- and two dedicated ice-reinforced module carriers (Arc7 Class) have been built in China at the beginning of the project, to allow a wider window of delivery at site during winters; the Heavy Lift Vessels (HFV) Audax and Pugnax were built in 20 months…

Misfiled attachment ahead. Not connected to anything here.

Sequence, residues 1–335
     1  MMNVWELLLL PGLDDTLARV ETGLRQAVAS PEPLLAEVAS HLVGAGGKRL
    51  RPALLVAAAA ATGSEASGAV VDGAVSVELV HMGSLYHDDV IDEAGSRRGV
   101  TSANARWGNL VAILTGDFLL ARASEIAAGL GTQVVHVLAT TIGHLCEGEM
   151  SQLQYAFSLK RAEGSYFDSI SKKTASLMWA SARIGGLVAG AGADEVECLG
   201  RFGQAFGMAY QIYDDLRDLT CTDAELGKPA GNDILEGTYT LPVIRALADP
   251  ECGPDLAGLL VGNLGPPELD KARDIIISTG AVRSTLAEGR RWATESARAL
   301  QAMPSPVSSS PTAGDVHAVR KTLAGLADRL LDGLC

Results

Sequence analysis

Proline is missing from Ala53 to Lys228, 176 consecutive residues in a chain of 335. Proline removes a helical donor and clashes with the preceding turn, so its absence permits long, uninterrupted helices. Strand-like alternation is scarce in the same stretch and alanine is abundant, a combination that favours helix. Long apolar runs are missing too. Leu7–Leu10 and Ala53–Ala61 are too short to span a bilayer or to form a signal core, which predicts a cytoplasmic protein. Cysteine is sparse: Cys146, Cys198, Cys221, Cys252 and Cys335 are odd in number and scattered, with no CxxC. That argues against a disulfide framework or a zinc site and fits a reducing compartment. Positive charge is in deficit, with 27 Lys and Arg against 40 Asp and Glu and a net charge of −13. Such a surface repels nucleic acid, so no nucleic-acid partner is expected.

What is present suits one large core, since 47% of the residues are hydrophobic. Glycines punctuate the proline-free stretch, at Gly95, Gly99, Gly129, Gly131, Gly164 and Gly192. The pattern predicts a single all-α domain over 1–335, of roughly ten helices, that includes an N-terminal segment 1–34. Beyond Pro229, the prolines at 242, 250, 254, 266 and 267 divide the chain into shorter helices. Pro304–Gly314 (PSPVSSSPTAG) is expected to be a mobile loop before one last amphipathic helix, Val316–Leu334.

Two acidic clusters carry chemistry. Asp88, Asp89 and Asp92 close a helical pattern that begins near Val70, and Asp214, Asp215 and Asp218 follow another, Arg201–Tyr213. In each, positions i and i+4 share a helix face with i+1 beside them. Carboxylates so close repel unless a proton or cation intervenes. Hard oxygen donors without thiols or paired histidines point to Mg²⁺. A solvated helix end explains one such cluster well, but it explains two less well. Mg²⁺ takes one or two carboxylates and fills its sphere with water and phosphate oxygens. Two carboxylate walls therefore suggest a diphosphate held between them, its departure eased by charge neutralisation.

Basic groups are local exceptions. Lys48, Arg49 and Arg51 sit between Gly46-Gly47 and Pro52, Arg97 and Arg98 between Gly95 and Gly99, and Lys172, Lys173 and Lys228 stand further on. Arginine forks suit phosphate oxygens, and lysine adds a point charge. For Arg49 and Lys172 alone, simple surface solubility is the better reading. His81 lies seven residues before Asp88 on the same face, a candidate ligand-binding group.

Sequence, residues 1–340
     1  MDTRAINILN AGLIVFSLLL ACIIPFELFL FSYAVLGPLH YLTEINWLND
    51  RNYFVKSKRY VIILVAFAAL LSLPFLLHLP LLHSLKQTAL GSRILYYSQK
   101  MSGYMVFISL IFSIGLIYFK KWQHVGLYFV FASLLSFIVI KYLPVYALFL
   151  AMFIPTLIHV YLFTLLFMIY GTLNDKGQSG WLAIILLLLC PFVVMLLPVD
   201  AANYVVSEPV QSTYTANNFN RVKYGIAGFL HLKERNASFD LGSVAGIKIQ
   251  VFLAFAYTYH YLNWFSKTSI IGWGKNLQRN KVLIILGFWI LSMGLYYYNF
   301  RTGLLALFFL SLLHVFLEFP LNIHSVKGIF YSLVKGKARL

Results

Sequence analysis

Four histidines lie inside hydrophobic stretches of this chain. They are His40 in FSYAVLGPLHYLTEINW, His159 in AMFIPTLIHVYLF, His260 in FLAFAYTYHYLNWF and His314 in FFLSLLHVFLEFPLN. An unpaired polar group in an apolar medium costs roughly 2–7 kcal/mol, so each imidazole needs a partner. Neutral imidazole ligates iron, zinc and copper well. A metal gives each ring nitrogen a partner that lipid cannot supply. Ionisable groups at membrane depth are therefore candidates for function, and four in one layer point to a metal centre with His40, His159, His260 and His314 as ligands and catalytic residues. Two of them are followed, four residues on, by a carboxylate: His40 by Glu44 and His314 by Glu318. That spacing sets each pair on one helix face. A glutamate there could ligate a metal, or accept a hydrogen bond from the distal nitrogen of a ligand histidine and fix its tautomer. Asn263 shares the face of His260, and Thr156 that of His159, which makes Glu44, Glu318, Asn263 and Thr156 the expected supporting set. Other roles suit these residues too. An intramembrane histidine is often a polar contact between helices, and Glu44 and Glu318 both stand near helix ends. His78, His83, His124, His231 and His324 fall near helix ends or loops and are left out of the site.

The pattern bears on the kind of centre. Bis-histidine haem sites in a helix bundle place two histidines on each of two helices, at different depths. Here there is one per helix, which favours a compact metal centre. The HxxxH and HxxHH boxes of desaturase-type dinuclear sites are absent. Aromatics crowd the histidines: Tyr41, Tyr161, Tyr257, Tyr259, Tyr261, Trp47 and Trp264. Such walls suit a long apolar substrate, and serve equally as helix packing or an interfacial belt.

An Arc7 Module Carrier along the NSR and at Zeebrugge MISY A Fleet Operations Center, located in Paris and Moscow, has been opened to monitor the metocean and ice conditions of the 76 voyages of the module carriers during the period from June 2015 to September 2017. This dedicated tool has allowed to check the best and safest routes for the various pieces of the puzzle, proposing the eastern route through the Bering Strait or imposing the route through the Suez Canal, when ice conditions were inpenetrable along the Northern Sea Route. 38,000 mTons were safely delivered through 22 voyages using Bering Strait and 55 voyages through the Suez Canal and sometimes stored temporarily in the MISY (Module Intermediate Storage Yard) in Zeebrugge (Belgium) before being transferred to Sabetta. The Challenges of the Port Design The final choice for the design of the Port was focusing on the accessibility year-round for the multiple types of vessels during the construction and for the years of commercial services of the liquefaction plant, the sheltering of the vessels for their operations and the ice management during the 9 months of ice-infested waters. The liquefaction Plant is located in the Arctic circle, on the west bank of the Ob River. The location of the Port has been decided in Sabetta, where in the 1980s, a pioneer camp had been set for geological exploration and meteorological surveys. The huge reserves of the Tambay gas fields are very close so the need of long pipeline is not a concern, but the access to this location for large vessels with 12 meter draft requires a dredged channel in the north of Ob Bay, about 50 kilometers; this will be an issue when assessing the dredge waste materials disposal and the design of the channel by itself: